Heart screening could protect hundreds from stroke
Testing Māori and Pacific people for an irregular heartbeat earlier could spare hundreds of people from stroke each year, a University of Auckland study has found.
The research, a collaboration between University researchers and the Heart Research Institute in Sydney, reveals for the first time that Māori and Pacific people develop Atrial Fibrillation (AF) an irregular heartbeat – a key risk factor for stroke – a decade earlier than other New Zealanders.
And when they get the condition under the age of 65, they're more than twice as likely as other Kiwis to have a high risk of stroke, according to the findings published in the Internal Medical Journal.
The work, which was funded by New Zealand Ministry of Health, has important implications for heart testing guidelines in New Zealand as it suggests that Māori and Pacific people should be tested for an irregular heartbeat earlier than the current recommended age of 65.
Researchers set out to assess risk of AF, analysing the medical records of 135,000 adults, including almost 20,000 Māori and 43,000 Pacific people.
"Māori and Pacific patients with AF were on average diagnosed with the condition at age 60 or 61, a full 10 years earlier than the average age of 71 for non-Māori and non-Pacific patients," says Dr. Matire Harwood, study co-author and Māori health researcher at the University's Te Kupenga Hauora Maori unit.
"Even more concerning was that almost half (48 per cent) of Māori and Pacific people with AF aged below 65 years at the time of diagnosis were at high risk for stroke, compared with just 22 per cent of other patients," she says.
Current guidelines suggest testing for AF starts around age 65 but, based on these findings, testing in Māori or Pacific people could start sooner. The logic is that those with an earlier AF diagnosis could start on blood-thinning medication that will dramatically reduce their stroke risk, and this information will support clinician and patient decision-making.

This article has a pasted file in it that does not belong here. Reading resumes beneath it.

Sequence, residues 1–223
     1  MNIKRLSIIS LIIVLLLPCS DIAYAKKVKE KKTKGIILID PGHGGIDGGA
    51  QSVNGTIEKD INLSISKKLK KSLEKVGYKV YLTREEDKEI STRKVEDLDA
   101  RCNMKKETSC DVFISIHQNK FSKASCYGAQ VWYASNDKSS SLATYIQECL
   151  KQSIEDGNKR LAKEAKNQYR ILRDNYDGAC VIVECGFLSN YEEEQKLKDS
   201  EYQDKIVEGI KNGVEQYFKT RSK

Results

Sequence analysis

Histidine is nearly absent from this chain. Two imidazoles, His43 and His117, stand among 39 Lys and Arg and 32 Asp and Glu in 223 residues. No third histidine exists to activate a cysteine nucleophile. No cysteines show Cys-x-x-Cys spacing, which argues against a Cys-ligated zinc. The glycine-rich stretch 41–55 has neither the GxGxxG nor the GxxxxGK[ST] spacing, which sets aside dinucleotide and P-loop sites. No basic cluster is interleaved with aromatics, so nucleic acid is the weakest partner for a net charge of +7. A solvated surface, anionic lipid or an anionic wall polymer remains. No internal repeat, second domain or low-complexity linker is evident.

"The study actually showed that irrespective of ethnicity, adherence to AF medication was poor in those most at risk of having a stroke," Dr. Harwood says.
The researchers think uptake of medication would be considerably higher if AF patients knew they were helping prevent stroke.
"That link isn't commonly known in the community. Armed with this information, it's highly likely a lot of older people with the heart rhythm issue would manage it better."
Research on improving adherence using a free iPhone has been recently completed in New Zealand.
Professor Rob Doughty, study co-author and Heart Foundation Chair of Heart Health at the University of Auckland, says a national screening programme for AF would save lives.
"Routine screening would ensure those with 'silent AF' get a diagnosis and manage their stroke risk even when their heart condition carries no symptoms," Professor Doughty says.
HRI cardiologist and heart authority Dr. Ben Freedman, study co-author says the research also has implications for Australian indigenous people.
"The same is true for Aboriginal and Torres Strait Island people who also develop AF earlier than other Australians. An early test could help people avoid a catastrophic stroke and spare families a lot of pain, frustration and heartache."
With more than 9,000 strokes in New Zealand each year – 25 every day – the need for action is clear.
"We now know that one in every three of these strokes is linked to atrial fibrillation (AF), a common condition affecting more than five per cent of older people, in which the heart beats irregularly or rapidly," he says.
AF can present with a flutter in the chest or feeling the heart racing. But some people are not even aware that they have AF, making it a 'silent' heart condition. In about a third of these AF-linked strokes, the heart condition wasn't diagnosed until after the stroke occurred.
Strokes from AF are larger, more severe and harder to survive than other strokes because they are caused by clots that form inside the heart and break off. The clots end up in a brain artery causing a 'brain attack' or stroke that might be preventable if we could detect AF and give drugs which prevent clots. Blood thinners successfully manage AF but you need to know you have the condition in order to take them.